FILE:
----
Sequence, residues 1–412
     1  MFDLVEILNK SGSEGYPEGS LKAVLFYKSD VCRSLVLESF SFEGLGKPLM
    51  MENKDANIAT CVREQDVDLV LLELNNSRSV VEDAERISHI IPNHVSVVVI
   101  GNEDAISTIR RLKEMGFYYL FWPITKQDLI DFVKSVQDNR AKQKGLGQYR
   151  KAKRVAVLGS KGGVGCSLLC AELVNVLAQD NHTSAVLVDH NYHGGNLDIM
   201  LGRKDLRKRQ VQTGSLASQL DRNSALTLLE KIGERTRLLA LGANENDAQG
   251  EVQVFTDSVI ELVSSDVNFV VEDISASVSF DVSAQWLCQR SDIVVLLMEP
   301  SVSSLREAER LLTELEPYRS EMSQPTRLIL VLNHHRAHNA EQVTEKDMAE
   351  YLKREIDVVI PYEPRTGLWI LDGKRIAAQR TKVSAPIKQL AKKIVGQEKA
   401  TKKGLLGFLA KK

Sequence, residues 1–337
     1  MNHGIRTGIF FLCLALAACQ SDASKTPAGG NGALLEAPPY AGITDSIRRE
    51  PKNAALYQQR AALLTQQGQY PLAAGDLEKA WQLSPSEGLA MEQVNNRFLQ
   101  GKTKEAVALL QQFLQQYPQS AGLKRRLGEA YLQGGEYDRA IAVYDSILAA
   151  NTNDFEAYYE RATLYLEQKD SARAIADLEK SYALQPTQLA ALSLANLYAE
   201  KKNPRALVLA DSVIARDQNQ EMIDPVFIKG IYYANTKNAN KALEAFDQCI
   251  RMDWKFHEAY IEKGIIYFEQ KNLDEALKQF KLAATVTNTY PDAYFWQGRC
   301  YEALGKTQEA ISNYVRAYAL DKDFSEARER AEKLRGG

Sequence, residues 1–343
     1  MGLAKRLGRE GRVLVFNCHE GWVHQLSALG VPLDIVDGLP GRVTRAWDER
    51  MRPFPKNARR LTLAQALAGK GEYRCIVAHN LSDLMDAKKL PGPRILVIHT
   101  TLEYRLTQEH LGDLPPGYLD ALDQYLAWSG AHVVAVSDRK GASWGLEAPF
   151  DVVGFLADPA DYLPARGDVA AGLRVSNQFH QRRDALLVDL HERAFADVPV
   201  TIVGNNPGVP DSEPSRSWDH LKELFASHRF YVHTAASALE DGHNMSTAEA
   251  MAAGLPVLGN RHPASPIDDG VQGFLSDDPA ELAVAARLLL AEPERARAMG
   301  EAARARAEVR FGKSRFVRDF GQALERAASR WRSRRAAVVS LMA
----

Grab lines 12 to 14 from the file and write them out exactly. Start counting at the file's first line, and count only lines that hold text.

     1  MNHGIRTGIF FLCLALAACQ SDASKTPAGG NGALLEAPPY AGITDSIRRE
    51  PKNAALYQQR AALLTQQGQY PLAAGDLEKA WQLSPSEGLA MEQVNNRFLQ
   101  GKTKEAVALL QQFLQQYPQS AGLKRRLGEA YLQGGEYDRA IAVYDSILAA